While I was washing the dishes earlier today, I looked out the window and thought, “Oh, the dogs are out.” Then, I realized the dog I was watching relieve himself in the backyard was not one of mine.
Long story short, the stray (Spot – changed to protect the frightened!) is terrified of strangers, and even though I went armed with hotdog pieces, he decided fleeing was a better alternative than taking food from a stranger. Not a bad idea if you’re a child, but a terrible idea for a stray dog.
Spot ran away from me, but luckily his owners had placed an ad on Craigslist. I called and, after helping in the search, they’re still looking for him as I type this. Hopefully, Spot will sleep in his own home tonight.
Turns out, he was a recently adopted rescue dog and had escaped yesterday. The ad even states that he is shy with strangers.
So, how can you stop your dog from winding up like this? Dogs running away is a fact of life – luckily, there are a few things you can do to decrease the chances that your dog will run, and that he will accept help if he does.
Make sure your dog knows the lay of the land! Most dogs escape from their own homes, and those that go on very few walks can’t always find their way home after chasing the neighborhood cat for a mile or so. Take your dog everywhere, in every direction, around your neighborhood, and those surrounding it. In fact, have someone drop you off a ways away (especially a park, or wooded area that may be enticing to your dog) and walk home together. One time around the block just won’t cut it.
Next, teach your dog the strongest Recall command possible. Make coming to you as much fun as it can possibly be when you say “Spot, Come!” We’re talking treats, praise, toys, anything that gets your dog excited!
When teaching a Recall, remember to use it in positive manners – meaning, do NOT call your dog to you in order to punish him, to bring him inside (thus ending his fun), or to take something away from him that he values. And, if you must call him to bring him inside or to take something from him, practice the Come command 10-15 more times immediately where only positive things happen.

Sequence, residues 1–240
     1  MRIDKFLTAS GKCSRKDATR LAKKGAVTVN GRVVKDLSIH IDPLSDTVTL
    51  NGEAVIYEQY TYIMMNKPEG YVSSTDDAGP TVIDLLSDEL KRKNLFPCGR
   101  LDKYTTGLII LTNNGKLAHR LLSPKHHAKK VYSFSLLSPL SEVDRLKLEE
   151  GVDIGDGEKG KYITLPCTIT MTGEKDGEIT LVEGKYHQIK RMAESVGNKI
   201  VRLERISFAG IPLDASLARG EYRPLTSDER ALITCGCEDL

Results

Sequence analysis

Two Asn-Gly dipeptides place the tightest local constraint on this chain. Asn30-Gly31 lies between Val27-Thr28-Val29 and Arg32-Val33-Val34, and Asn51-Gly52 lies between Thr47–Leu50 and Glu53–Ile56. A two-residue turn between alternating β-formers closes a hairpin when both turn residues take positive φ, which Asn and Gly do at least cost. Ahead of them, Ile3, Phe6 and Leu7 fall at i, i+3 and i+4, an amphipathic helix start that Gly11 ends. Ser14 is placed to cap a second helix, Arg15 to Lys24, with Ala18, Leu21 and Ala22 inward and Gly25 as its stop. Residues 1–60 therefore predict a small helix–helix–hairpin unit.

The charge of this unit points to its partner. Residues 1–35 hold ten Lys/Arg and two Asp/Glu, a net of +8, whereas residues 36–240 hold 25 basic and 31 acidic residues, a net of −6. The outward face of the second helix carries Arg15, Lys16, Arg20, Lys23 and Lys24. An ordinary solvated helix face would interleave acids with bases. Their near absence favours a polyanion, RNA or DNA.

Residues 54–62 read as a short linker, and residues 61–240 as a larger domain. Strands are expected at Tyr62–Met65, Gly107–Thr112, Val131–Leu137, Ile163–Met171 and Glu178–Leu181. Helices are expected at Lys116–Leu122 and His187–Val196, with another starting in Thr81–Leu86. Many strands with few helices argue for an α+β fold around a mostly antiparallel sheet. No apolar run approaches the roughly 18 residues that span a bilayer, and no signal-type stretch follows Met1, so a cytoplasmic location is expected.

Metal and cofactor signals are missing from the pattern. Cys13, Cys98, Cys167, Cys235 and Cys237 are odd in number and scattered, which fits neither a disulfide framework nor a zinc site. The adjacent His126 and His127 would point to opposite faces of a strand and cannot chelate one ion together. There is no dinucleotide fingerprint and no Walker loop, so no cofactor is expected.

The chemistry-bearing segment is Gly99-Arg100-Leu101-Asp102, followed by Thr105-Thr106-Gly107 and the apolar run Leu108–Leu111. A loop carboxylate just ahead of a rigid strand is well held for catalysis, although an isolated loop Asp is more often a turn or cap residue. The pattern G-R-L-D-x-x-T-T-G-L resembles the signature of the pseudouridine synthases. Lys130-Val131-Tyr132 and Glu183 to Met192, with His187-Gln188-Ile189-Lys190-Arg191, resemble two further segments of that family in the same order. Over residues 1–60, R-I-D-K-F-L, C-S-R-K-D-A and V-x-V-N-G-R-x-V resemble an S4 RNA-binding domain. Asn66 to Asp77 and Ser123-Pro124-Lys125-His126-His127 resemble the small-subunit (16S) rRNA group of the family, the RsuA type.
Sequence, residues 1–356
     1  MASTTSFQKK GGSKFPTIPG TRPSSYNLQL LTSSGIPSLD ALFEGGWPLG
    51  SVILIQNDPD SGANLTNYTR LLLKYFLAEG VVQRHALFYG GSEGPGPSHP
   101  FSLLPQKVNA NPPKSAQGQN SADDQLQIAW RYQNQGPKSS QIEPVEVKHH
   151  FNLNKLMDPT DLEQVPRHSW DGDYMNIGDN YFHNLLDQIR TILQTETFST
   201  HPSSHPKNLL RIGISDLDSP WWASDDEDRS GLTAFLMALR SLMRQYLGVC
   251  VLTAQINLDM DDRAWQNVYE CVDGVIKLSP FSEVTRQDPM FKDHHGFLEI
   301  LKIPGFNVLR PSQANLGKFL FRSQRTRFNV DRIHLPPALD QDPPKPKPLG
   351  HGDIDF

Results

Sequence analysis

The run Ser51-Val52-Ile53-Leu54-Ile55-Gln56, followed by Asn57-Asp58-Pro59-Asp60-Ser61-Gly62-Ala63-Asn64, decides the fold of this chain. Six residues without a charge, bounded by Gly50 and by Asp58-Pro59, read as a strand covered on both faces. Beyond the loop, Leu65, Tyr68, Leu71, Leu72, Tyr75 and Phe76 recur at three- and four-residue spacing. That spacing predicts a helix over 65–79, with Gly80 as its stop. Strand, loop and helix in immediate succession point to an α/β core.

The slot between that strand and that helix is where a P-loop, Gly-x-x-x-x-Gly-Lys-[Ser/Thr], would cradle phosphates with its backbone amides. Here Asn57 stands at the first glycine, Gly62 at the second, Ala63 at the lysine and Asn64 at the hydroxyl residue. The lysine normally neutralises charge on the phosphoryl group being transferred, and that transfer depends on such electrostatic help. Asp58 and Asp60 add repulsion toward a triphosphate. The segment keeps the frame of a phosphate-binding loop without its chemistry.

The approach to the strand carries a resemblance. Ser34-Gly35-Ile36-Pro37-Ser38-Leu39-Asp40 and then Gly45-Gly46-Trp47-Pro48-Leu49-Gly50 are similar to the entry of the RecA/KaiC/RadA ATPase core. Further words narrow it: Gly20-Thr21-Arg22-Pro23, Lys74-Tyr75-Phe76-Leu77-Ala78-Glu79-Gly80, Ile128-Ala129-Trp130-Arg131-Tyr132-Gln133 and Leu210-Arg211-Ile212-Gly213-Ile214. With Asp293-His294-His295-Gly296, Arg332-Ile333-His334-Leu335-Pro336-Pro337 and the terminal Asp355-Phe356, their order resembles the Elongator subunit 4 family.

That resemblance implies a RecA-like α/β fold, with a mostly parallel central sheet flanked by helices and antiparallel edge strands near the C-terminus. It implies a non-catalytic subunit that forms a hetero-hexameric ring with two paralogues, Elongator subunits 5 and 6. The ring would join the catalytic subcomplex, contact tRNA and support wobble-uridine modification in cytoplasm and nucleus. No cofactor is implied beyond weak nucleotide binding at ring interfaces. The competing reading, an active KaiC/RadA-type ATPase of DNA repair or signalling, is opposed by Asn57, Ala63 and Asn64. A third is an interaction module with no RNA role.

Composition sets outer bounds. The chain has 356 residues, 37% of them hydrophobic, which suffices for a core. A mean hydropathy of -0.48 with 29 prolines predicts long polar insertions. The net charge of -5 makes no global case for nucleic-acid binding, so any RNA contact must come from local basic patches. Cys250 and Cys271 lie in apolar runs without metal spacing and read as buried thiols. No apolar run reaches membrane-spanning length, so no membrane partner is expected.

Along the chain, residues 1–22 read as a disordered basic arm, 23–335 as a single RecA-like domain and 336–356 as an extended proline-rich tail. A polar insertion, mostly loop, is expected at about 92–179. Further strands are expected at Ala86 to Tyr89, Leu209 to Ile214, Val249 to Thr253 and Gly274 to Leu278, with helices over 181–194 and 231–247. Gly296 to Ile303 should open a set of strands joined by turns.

Using a long line (15-20ft. leash) outdoors and in unfamiliar environments will help you gain control over your dog in the event that he should become distracted while learning. Use it to gently remind him to go in your direction, then release him back to his fun after he comes.
If he does not come to you, try running away from your dog. That’s right – away from him. This brings out the dog’s natural chase/prey/play instincts and gives him a good reason to follow!
The next most important thing to teach your dog is that strangers are not enemies, or people to be feared. Strangers may well be your dog’s only hope at ever becoming reunited with you in the event that he gets away.
Socialize your dog to every kind of person you can think of! Have a fearful dog? Approach strangers (start with friends), and ask them to give a few treats to your dog without making eye contact, or speaking directly to him. Once your dog gets used to the idea that people on the street are treat dispensers, have them slowly and gently pet your dog on the chest, or under the chin (still not making eye contact), and work up from there. Practice on the sidewalks and in neighbors yards – anywhere your dog may be if he gets lost.
Have a dog who barks at people? Use treats during walks to distract your dog from looking at the people. Reward your dog any time he looks at someone without barking. Once you can start passing people on the opposite side of the street barkfree, work up to passing on the same sidewalk. Then, start having your dog Sit as people walk by, and you say hello to them. Keep working on it until you can have strangers toss your dog treats.
Any little bit helps. Anything you can do to teach your dog about his surroundings, to teach him to come back when he is called, and to introduce him to all the neighbors will go a long way in leading to a safe return.
(Also – make sure your dog is wearing identification tags. Tags can be broken, so make sure he is microchipped as well. Check the Humane Society of Indianapolis or F.A.C.E. Clinic for cheap prices on microchipping.)
If you have any questions you would like to ask a Certified Dog Trainer, you can submit them right here at Naptown Buzz. Elizabeth Wilhelm, Certified Dog Trainer, will tackle the submitted questions, and give practical advice to solve common dog behavior issues. For more information about Elizabeth, you may visit her website at www.TrainingKarma.com.